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Voiceovers, Voicebank, and Voices Dot Com – The Not Silent Blog 8/15/17

Voices Dot Com has acquired Voicebank.

How does this affect you as a voice talent? How does this affect the voiceover industry?

For those of you who don’t know of Voicebank, for the purpose of this conversation it’s an online repository of casting notices for voiceover projects that some talent agents send to members of their roster. Here’s their About page.

For those of you who don’t know about Voices Dot Com, VDC is known as a “Pay To Play” service that also posts casting notices. Voice talents who pay a fee may audition for these projects. Here’s their About page.

These links expand upon VDC’s business model and notable moments in the company’s history:

Here are some links announcing the acquisition:

Here are some reactions from the voiceover community:’s acquisition of VoiceBank/Voice Registry is a troubling development for the VO community at large. David Cicarelli has consistently proven in word and deed that he cares not for an ethical, transparent approach to the matching of talent with client. This purchase upsets the apple-cart as it applies to the agent/talent relationship, and makes apparent’s desire to own a bigger piece of the voiceover marketplace. World-Voices Organization is hoping this will help the more reticent elements of our community (not the least of which is SAG-AFTRA) to coalesce towards a common goal of taking the high road for maintaining equitable compensation rates for our business.

Erik Sheppard, talent agent and owner of Voice Talent Productions:

This is the opening salvo against the agents they have promised to try to put out of business.  They have been very clear about their plans for total voiceover domination.  Sadly, their business model consists of ripping talent and clients off blind.  If these are the “industry leaders” then we are in trouble as a profession and craft.  Make no mistake, if you support them in any way you are in collusion.

Jeffery Umberger, talent agent and owner of Umberger Agency:

The immediacy to which I suspended my company’s relationship with VB after it was acquired by VDC speaks volumes as to my opinion of and feelings toward the unexpected acquisition. For me, after 12 years of working in harmony with VB to suddenly and unceremoniously be thrust into a business relationship involuntarily with a company like VDC, which in my opinion became a viable entity by taking from talent, made my decision to sever a very swift one. I simply couldn’t allow my next monthly VB fee to be handed over to VDC in good conscience.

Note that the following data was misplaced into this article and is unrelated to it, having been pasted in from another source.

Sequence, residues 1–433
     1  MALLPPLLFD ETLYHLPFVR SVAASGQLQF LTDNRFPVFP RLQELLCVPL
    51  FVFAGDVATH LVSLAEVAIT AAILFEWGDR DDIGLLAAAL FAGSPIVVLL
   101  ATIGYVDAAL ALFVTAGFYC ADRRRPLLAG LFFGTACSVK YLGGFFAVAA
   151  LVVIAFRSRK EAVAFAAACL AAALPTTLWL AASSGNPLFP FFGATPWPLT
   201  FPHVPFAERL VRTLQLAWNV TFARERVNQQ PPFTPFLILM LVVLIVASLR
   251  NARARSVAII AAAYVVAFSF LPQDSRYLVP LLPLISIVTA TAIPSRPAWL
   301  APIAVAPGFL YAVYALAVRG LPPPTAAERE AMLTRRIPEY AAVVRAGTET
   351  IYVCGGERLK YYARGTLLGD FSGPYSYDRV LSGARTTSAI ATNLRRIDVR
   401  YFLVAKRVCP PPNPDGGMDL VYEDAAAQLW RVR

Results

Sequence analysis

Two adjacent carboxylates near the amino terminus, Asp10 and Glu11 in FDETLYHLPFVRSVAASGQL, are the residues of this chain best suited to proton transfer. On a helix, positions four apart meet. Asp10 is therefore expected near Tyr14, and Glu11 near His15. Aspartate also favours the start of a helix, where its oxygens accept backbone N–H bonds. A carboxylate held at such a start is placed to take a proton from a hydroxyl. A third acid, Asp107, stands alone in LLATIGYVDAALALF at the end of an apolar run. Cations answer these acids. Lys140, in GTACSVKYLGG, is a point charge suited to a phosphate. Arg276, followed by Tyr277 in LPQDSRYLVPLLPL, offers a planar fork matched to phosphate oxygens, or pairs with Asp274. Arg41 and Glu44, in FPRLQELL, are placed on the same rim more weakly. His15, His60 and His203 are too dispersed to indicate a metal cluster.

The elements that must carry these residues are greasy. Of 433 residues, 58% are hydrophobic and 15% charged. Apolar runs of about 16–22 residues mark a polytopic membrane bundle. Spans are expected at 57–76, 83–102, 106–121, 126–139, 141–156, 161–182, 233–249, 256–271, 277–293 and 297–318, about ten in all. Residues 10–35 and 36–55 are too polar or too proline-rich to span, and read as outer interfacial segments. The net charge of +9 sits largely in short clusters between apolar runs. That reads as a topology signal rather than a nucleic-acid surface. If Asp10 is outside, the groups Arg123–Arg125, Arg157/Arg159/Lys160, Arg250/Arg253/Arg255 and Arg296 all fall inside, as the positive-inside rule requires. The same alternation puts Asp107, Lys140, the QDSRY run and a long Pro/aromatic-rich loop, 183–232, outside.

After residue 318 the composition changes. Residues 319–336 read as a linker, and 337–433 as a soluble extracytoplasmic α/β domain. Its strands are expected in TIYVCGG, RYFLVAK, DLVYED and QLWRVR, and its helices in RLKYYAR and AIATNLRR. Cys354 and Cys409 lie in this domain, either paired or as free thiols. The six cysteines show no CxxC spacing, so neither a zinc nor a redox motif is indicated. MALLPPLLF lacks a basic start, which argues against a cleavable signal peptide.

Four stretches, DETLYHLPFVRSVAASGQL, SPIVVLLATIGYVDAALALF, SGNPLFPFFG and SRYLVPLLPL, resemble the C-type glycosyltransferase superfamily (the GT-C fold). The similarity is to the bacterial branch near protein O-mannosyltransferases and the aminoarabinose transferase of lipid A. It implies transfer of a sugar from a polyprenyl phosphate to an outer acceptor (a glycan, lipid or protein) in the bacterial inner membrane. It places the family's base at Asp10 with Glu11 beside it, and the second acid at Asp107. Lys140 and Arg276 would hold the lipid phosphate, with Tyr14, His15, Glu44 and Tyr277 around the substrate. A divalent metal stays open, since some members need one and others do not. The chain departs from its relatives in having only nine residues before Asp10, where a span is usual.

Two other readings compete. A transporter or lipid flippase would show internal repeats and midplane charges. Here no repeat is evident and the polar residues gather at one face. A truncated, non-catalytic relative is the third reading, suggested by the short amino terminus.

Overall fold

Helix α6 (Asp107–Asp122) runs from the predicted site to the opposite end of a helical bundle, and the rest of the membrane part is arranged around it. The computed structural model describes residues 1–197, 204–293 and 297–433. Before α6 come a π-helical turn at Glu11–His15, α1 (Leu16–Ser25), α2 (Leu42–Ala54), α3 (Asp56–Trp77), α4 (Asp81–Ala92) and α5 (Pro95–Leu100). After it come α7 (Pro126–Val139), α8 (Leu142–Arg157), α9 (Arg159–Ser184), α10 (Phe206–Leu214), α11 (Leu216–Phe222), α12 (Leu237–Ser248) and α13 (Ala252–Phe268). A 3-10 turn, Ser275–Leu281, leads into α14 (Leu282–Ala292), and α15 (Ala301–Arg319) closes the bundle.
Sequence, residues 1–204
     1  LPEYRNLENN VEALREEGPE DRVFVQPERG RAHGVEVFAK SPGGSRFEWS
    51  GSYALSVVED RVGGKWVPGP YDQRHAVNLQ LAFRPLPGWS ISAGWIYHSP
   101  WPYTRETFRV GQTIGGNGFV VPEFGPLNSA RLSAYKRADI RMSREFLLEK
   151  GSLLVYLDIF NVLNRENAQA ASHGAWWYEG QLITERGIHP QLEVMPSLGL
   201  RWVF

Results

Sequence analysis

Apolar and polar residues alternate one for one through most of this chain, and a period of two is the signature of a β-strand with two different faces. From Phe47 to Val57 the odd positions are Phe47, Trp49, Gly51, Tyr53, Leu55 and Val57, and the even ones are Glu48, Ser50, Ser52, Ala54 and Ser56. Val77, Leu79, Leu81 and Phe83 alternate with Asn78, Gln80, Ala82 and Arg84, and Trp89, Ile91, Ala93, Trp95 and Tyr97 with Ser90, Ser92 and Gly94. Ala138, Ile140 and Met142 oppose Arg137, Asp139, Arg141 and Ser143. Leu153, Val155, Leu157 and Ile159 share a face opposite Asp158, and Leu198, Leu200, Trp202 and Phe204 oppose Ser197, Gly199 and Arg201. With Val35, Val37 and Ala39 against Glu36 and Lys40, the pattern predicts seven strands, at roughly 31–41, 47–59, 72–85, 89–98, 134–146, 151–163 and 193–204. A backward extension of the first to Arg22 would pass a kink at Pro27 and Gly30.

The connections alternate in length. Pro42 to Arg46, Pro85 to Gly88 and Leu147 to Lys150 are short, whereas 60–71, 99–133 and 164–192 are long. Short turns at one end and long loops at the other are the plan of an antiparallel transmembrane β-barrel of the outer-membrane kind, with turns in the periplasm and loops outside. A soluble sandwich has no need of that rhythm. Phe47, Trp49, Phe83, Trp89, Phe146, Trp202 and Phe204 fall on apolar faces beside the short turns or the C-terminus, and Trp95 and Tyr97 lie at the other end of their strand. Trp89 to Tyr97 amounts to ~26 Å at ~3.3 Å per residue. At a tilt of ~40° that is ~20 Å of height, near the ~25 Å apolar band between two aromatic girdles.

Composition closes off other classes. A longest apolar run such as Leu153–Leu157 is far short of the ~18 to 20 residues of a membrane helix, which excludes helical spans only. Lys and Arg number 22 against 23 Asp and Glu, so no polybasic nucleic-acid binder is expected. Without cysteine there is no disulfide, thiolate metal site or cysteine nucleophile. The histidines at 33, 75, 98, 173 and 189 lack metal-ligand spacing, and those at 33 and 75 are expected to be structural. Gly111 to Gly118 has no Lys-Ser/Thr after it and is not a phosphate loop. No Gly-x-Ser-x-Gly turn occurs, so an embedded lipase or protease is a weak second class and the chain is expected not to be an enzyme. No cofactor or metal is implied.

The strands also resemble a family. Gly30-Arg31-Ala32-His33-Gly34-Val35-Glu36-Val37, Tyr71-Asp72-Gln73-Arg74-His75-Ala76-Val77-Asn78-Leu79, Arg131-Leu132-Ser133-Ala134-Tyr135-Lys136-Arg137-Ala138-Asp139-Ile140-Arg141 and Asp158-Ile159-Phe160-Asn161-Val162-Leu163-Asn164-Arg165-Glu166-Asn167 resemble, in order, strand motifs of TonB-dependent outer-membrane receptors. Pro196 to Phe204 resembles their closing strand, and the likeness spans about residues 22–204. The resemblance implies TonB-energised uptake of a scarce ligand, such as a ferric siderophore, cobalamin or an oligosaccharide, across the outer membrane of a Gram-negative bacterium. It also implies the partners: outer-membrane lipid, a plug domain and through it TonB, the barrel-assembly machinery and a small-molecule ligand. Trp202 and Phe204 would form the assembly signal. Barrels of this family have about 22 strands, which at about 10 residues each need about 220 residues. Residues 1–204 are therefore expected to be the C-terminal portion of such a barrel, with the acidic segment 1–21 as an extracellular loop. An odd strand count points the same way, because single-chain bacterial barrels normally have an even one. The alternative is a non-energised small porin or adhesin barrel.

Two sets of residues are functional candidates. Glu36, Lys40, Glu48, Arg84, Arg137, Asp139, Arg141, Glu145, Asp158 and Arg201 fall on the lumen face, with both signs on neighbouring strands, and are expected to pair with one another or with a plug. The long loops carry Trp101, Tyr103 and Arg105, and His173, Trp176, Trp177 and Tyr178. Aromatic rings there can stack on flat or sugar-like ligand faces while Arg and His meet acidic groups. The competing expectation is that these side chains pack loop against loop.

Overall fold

It’s Day 1 folks. Gather your wits, stay away from FB for a few days (plenty of Cat videos on YouTube, if you must). Then consider these questions: if both Voicebank and Voices dot com and every other P2P company out there suddenly went belly up today, how would I run my voiceover business? Could my VO business survive? If no, shut the lights off and apply as a Wal-Mart greeter. But if you WANT your VO business to survive, what would that NEW VO business look like? Focus on THAT today, a new business plan, new marketing ideas, better communication with existing clients. I think if you do, the hand wringing, while perfectly natural and understandable, soon won’t seem so necessary. You are more talented, creative and valuable than you give yourselves credit for. But you are the owner and today it’s time to start acting like one. I hope this helps.

This is an incomplete, unofficial list of agents that left Voicebank as a result of the acquisition:


DISCLAIMER: I had a VDC account but deleted it a few years ago. I think I paid month-to-month for a little while but never booked anything.  I was a paying member of Voicebank maybe 4-5 years ago (they have a script-reading critique service) but stopped using it. I am represented by multiple agents who use (or have used) Voicebank, including Voice Talent Productions and Umberger Agency.

With that in mind, as a voice talent whose representation accounts for a very small percentage of my revenue I don’t think I will be directly affected by the acquisition. What I am actually concerned about is the disturbing trend of declining rates over the past few years, particularly the rate nosedive of agent-generated casting notices. I wrote a recent blog entry about it. How much of this has to do with Pay-To-Play sites or services like Voicebank no one can say for sure (if you do have hard data, please share). Whether the acquisition will further lower rates, no one knows that either.

Regardless, as a voice talent you and only you are responsible for your career, specifically your Rate Sheet. It is your job to screen casting notices effectively, audition professionally, bid ethically, and turn down gigs that are not commensurate with the industry standard.

Be sure to educate your agents, current clients, potential clients, fellow voice talents about charging proper rates for voiceover projects. Share SAG-AFTRA Numbers, the Global Voice Acting Academy Rate Guide, and the Edge Studio Voice Over Rate Card with them.

If you cannot reconcile industry-supporting values with the rates you accept to sustain your voiceover business, this may not be the profession for you.


Reminder! Thursday August 31st: my August Edge Studio “Marketing 201” topic will be: 4 Words That Will Kill Your MarketingClick here to register.



If you can’t be a muse, at least be amusing! Anonymous

From my village to yours; this is Tom Dheere, The H is Silent, but I’m Not.

Tom Dheere is a 20-year veteran of the voice over industry who has narrated thousands of projects for clients in over a dozen countries. He is also a coach at Edge Studio, voiceover business consultant known as the Voice Over Strategist, and is currently producing the comic book “Agent 1.22”.


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